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Discussion Starter · #1 ·
I know a lot of us wash our cars on a regular basis. But most of people don't know that they are doing more damage to their car by improperly washing it. Here's a step by step guide on properly washing your car.

Many of us enjoy the benefits of a freshly hand washed car. However, without proper knowledge you may be doing more harm than good. Washing a car improperly will induce micro-marring known as Swirls or Spider-Webbing.
The cause of this damage is due to foreign particles trapped in your washing materials. This can happen several ways such as:

  • Improper storage of materials when not in use.
  • Improper materials such as using Dishsoap*, old T-Shirts, etc.
  • Improper washing techniques which lead to further damage in the drying stage.

Materials
The following materials are recommended for proper washing.

  • Two regular Wash bucket’s or a single grit trap bucket.
  • Either 100% Sheepskin Wash Mitt, Wash Sponge, or a Sponge Wash Mitt.
  • Sponge, or Terry Towel for wheels.
  • Quality Car Wash Soap.

Procedure

1. When washing a car try to do it in an atmosphere where the paint surface is not hot to the touch. Shade or garages are the best atmosphere. Overly high temperature cause’s the water and soaps to evaporate too quickly not giving them a chance to remove the necessary particles.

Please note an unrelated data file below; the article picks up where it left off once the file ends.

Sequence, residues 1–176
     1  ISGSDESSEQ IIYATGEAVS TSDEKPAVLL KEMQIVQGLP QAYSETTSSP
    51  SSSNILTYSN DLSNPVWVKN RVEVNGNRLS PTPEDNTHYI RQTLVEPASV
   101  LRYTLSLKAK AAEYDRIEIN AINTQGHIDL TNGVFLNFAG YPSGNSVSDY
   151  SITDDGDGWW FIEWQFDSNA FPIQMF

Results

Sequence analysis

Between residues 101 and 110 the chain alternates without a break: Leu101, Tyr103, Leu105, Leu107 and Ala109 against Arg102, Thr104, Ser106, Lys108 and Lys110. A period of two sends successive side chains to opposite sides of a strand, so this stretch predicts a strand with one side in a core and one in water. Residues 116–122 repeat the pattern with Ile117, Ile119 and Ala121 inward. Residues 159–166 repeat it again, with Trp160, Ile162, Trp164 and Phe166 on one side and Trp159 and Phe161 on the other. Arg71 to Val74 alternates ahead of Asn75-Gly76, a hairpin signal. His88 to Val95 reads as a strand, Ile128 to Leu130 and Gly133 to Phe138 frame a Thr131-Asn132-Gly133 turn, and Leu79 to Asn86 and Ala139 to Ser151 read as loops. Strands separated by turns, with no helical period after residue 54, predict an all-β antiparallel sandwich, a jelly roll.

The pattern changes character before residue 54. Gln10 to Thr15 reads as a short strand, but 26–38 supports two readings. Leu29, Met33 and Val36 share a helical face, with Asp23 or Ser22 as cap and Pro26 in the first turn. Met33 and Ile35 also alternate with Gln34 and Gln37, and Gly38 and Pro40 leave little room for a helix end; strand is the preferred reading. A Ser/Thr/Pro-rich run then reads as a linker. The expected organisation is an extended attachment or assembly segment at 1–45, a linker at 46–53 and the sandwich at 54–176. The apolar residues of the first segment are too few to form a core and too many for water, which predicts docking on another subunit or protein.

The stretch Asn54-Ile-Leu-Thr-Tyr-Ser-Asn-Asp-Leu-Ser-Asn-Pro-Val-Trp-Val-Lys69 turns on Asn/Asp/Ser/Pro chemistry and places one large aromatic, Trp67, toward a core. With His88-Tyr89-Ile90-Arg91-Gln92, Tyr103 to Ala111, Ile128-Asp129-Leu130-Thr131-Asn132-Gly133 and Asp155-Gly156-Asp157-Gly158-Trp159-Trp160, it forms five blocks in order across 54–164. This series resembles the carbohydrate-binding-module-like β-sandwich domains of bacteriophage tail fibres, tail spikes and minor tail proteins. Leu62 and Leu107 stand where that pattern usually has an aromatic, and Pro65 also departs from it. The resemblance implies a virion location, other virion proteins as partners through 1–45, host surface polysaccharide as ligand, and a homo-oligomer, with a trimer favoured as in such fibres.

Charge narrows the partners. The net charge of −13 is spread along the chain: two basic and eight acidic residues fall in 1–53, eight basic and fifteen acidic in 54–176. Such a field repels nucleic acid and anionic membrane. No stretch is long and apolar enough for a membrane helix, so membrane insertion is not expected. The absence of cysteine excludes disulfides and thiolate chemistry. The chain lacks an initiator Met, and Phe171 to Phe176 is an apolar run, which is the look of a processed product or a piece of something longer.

2. Start by thoroughly spraying the entire vehicle with a nozzled hose, or pressure washer. Pay particular attention to heavily soiled areas, trying to remove as much dirt as possible in this stage. If possible work from top to bottom in a downward angle.


3. Use a soap specifically designed for washing automotive paints. These soaps have special oils and lubricants in them specially designed to lift and remove foreign particles. These soaps are also very low on the PH scale and will not strip previous waxes.


4. Start by washing the wheels, this will eliminate any brake dust or harsh wheel cleaners from contacting a freshly washed panel.


5. By using two buckets you greatly reduce the possibility of tracking dirt into your wash mitt. Your soapy water will also stay much cleaner. Simply fill one bucket with your soap/water mixture and the other bucket with just water. After every application of Soap/Water dip and shake the wash mitt in the water bucket. This will loosen and clean the wash mitt BEFORE applying more soap/water to the mitt. The soap solution will stay much cleaner and the majority or dirt will stay in the water bucket. You can also use special Grit Guard bucket insert. These insersts provides a screen or false floor in the bottom where loose particles fall beneath. This makes it impossible to come in contact with these particle when re-entering the wash bucket for more soap. You can also use a foam gun to cover the vehicle in suds.


6. Scrub the vehicle from top to bottom, try to follow the contours of the vehicle or any distinct body lines. By doing this mishaps are much less noticeable. By washing in a circular motion any mishaps will be at all angles and much more noticeable. Rinse often! After every application of soap rinse the vehicle before going back for more soap.